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The view from the top of Vancouver's convention centre is of breathtaking mountains and bustling traffic, but the pain of repeated bee stings seriously reduces the enjoyment.

Allen Garr is unfazed, despite the discomfort of his visitor. He's been tending to bees for 16 years. The difference is that now, he's tending to four hives on the roof of the city's newest marquee building.

The European honeybees are part of the building's "living" roof design. The hives were installed in April, 2009, after Mr. Garr suggested the idea.

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"People see this as a nice way of rounding out the environment," he said.

Mr. Garr was up on the roof recently to check on the bees after their first winter season and although things could be better, he said they are starting to thrive with spring flowers and trees beginning to bloom in the downtown area.

The roof is covered with more than 400,000 indigenous plants and grasses, but there are few blooming plants for the bees to feed on. Bees play a key role in the plant ecosystem: about one third of our diet comes from plants pollinated by insects, with bees accounting for 80 per cent of those crops.

Each of the four hives is capable of holding 60,000 bees and producing up to 57 kilograms of honey per year, but the first harvest last September yielded 23 kilograms.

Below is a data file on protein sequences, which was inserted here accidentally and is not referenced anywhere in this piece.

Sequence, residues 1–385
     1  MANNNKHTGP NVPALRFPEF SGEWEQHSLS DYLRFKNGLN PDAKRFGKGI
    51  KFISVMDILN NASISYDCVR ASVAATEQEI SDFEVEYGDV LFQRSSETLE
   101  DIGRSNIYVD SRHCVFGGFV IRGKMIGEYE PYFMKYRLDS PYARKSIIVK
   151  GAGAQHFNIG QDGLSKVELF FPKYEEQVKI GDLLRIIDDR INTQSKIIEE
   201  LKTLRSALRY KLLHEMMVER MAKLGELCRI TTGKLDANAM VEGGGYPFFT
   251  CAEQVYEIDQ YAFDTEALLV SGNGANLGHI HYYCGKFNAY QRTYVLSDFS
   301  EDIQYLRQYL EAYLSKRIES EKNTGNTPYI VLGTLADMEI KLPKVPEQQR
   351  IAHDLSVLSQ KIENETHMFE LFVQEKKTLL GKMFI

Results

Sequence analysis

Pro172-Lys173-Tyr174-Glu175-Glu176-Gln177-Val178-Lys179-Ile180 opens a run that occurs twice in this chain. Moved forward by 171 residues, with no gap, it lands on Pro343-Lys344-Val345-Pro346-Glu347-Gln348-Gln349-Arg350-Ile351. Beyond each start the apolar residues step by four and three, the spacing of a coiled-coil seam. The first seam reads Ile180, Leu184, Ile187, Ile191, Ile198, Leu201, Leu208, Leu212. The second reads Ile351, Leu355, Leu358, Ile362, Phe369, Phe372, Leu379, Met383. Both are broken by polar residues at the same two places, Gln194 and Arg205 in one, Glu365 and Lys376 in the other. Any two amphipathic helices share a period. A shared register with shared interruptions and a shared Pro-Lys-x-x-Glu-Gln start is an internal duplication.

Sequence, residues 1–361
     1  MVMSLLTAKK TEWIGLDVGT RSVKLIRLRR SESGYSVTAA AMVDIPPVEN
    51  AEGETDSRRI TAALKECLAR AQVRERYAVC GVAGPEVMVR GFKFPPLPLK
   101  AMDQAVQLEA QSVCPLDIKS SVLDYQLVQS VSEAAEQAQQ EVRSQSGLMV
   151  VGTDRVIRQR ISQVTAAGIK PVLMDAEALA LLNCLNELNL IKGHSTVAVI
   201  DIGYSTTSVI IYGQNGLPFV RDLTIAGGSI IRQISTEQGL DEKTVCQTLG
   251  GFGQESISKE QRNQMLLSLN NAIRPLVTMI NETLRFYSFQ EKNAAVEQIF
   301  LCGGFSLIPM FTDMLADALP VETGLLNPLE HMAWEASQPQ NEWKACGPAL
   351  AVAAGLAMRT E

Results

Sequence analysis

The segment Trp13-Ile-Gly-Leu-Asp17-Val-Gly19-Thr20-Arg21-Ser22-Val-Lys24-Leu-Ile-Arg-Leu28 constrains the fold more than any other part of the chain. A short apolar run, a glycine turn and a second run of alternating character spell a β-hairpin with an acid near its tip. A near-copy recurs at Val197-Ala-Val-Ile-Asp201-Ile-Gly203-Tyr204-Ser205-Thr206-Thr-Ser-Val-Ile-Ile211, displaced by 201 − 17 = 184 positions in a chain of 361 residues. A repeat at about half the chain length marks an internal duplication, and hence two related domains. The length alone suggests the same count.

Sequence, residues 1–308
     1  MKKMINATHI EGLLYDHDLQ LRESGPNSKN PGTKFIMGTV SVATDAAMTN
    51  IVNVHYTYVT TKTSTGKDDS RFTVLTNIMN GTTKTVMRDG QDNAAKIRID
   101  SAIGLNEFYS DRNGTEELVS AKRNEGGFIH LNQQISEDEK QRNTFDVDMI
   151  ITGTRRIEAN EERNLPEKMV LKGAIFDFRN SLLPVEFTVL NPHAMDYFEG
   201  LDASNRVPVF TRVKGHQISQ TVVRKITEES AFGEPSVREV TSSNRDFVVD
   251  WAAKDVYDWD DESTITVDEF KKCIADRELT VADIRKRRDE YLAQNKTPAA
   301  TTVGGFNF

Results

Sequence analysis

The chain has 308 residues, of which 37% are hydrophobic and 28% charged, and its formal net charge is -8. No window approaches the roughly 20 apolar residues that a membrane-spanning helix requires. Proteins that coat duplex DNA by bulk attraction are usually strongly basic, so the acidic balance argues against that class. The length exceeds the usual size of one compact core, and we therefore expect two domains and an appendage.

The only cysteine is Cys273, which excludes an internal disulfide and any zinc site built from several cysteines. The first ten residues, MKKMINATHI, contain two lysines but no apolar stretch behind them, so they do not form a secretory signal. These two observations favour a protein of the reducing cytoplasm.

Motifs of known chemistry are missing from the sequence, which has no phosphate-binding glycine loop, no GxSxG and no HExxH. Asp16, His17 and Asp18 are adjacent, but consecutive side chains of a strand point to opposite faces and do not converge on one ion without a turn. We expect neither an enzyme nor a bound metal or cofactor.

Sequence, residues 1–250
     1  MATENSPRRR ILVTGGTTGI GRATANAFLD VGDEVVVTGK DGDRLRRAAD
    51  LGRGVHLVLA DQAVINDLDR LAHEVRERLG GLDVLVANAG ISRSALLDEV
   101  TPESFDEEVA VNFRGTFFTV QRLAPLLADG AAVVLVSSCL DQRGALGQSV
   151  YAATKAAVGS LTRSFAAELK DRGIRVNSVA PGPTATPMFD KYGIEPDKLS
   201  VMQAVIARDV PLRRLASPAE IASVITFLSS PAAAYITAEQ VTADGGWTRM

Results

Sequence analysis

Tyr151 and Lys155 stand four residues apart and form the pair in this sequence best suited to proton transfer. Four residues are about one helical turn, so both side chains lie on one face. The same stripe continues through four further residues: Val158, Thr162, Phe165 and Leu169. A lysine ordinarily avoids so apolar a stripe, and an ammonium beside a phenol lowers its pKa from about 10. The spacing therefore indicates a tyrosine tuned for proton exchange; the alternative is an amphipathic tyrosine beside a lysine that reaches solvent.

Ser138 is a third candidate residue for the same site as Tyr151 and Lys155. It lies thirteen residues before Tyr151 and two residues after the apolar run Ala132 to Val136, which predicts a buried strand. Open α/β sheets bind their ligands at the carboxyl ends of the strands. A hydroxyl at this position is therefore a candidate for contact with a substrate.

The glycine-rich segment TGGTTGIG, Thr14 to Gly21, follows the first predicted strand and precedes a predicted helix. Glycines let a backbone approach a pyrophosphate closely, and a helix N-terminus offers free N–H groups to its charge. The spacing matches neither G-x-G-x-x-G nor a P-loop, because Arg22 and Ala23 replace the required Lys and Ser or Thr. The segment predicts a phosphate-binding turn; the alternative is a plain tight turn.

Aside from the rooftop hives, Mr. Garr also maintains colonies at the University of B.C., VanDusen Botanical Garden and Science World.

The beekeeping community in the city, and across the globe, has steadily grown over the last few years due in part to environmental awareness, he said. He noted there are hives at city hall in Chicago, on apartment balconies in Paris and soon, Vancouver's city hall will have its own colony of hives.

"Ten years ago it was a quirky oddity, but it's become mainstream news because people realize what we are doing to the environment and bees are just one prism through which we can look at the environment," said Mr. Garr, who is also a journalist.

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The increase in beekeeping activity in urban areas can also be attributed to more people wanting to create their own food and maybe a little income by selling the honey. But Mr. Garr said the return on the investment is not that great.

"You have to be up around 300 or 400 hives before you start making money."

Mr. Garr's career as an apiarist began when an old friend from university persuaded him to get into beekeeping.

"He asked me if I wanted to keep bees and I said 'No.' So he captured a swarm of bees from my neighbourhood and put them on my back deck and said, 'You're a beekeeper.'"

Since then, Mr. Garr has honed his craft by reading books, consulting with other apiarists and through trial and error.

"I learned a little bit by getting stung."

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The Canadian Press

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